By Emmet Oliver and Mary Schlangenstein
May 17 (Bloomberg) -- AirTran Holdings Inc., a low-fare carrier, said it won the support of 57 percent of Midwest Air Group Inc. shareholders in a hostile takeover bid for the airline, enough to extend its tender offer to June 8.
More than 13.9 million shares were tendered as of late yesterday, AirTran said in a statement today. The previous tender deadline expired at midnight.
``It looks more probable that the deal might be done,'' Ray Neidl, a Calyon Securities analyst in New York, said in an interview today. ``Fifty-seven percent is a big percentage of the stock to have tendered.''
AirTran is offering $9 in cash and 0.5842 of an AirTran share, or about $15.88 at yesterday's closing price, for each share of Oak Creek, Wisconsin-based Midwest. AirTran, based in Orlando, Florida, wants to diversify beyond its Atlanta hub and has boosted its bid twice from the $11.25 a share it first offered on Dec. 13.
Midwest shares rose 22 cents to $15.32 at 10:04 a.m. in American Stock Exchange composite trading. Shares of AirTran rose 13 cents to $11.92 in New York Stock Exchange composite trading.
The tender results prompted two of Midwest's biggest shareholders to urge the airline to begin talks with AirTran and avoid a confrontation at Midwest's June 14 shareholder meeting, where AirTran is offering a slate of three directors.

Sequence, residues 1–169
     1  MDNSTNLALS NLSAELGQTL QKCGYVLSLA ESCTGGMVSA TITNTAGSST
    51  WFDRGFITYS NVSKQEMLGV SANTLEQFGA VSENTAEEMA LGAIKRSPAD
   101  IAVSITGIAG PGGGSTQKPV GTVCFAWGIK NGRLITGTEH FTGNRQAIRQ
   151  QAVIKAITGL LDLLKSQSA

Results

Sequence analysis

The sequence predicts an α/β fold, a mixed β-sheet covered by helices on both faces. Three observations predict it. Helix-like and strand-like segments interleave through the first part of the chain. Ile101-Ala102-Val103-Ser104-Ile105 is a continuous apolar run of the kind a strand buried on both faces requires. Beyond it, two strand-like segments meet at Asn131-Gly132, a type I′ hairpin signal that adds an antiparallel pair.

`The Time Has Come'
``We do not believe going through a proxy contest at the annual meeting -- a contest that Midwest appears likely to lose -- is the best way to combine these two great airlines,'' Richard Hurowitz, chief executive officer of New York-based Octavian Advisors LLC, said in a statement. ``The time has come for this transaction.''
Octavian is the largest Midwest shareholder, with a 6.6 percent stake. Jamie Zimmerman, the head of New York-based Litespeed Management LLC, Midwest's third-largest shareholder, at 5.5 percent as of March, also urged that talks begin.
AirTran, which is about three times larger than Midwest, called the number of shares tendered a ``vote of no confidence'' in Midwest's management, while Midwest dismissed the results as relatively meaningless.
``We don't find these results to be overwhelming,'' Midwest spokeswoman Carol Skornicka said in an interview today. ``The tender offer changes nothing and these results change nothing. At the end of the day, the board remains in total control over whether a transaction occurs.''
Midwest, which flies chiefly from Milwaukee and Kansas City, Missouri, has spurned AirTran's takeover bid, citing a Goldman, Sachs & Co. fairness opinion calling AirTran's latest offer of $389 million on April 2 ``inadequate.''
Wisconsin law allows Midwest directors to consider the interests of employees, suppliers, customers and communities, not just those of investors, when they review the bid, Skornicka said last month.
``The main factor that could intervene now is the Wisconsin law,'' Calyon's Neidl said. ``The board is behind Midwest management's desire to remain independent. It looks like the stockholders are moving more and more toward an AirTran combination.''
Midwest's board yesterday again urged rejection of AirTran's offer, saying ``shareholders would be left with shares of a consistently underperforming stock in a commodity carrier that provides inferior service.''
The comments came in a proxy statement in advance of the annual meeting and the board challenge by the AirTran slate.
That vote could have more impact than the tender offer because a successful AirTran slate would affect board discussions, Skornicka said yesterday.